PubAg

Main content area

Seasonal variations of soil microbial biomass and activity in warm- and cool-season turfgrass systems

Author:
Yao, Huaiying, Bowman, Daniel, Shi, Wei
Source:
Soil biology & biochemistry 2011 v.43 no.7 pp. 1536-1543
ISSN:
0038-0717
Subject:
Agrostis stolonifera var. palustris, Cynodon dactylon, Eremochloa ophiuroides, Festuca arundinacea, Poa pratensis, Zoysia japonica, enzyme activity, microbial activity, microbial biomass, mineralization, plant growth, seasonal variation, soil, soil enzymes, soil sampling, turf grasses, winter
Abstract:
Plant growth can be an important factor regulating seasonal variations of soil microbial biomass and activity. We investigated soil microbial biomass, microbial respiration, net N mineralization, and soil enzyme activity in turfgrass systems of three cool-season species (tall fescue, Festuca arundinacea Schreb., Kentucky bluegrass, Poa pratensis L., and creeping bentgrass, Agrostis palustris L.) and three warm-season species (centipedegrass, Eremochloa ophiuroides (Munro.) Hack, zoysiagrass, Zoysia japonica Steud, and bermudagrass, Cynodon dactylon (L.) Pers.). Microbial biomass and respiration were higher in warm- than the cool-season turfgrass systems, but net N mineralization was generally lower in warm-season turfgrass systems. Soil microbial biomass C and N varied seasonally, being lower in September and higher in May and December, independent of turfgrass physiological types. Seasonal variations in microbial respiration, net N mineralization, and cellulase activity were also similar between warm- and cool-season turfgrass systems. The lower microbial biomass and activity in September were associated with lower soil available N, possibly caused by turfgrass competition for this resource. Microbial biomass and activity (i.e., microbial respiration and net N mineralization determined in a laboratory incubation experiment) increased in soil samples collected during late fall and winter when turfgrasses grew slowly and their competition for soil N was weak. These results suggest that N availability rather than climate is the primary determinant of seasonal dynamics of soil microbial biomass and activity in turfgrass systems, located in the humid and warm region.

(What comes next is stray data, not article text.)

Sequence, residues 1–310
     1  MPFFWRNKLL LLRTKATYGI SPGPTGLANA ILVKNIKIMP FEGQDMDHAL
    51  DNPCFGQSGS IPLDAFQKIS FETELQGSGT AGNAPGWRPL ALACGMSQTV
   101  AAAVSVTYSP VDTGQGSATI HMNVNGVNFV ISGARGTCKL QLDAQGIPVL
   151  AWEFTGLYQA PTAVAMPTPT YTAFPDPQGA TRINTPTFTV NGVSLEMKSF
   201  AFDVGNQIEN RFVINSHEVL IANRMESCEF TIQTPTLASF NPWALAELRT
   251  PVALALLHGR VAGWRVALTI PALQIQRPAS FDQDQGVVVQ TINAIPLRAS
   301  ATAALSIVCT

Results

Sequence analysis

Agid:
592416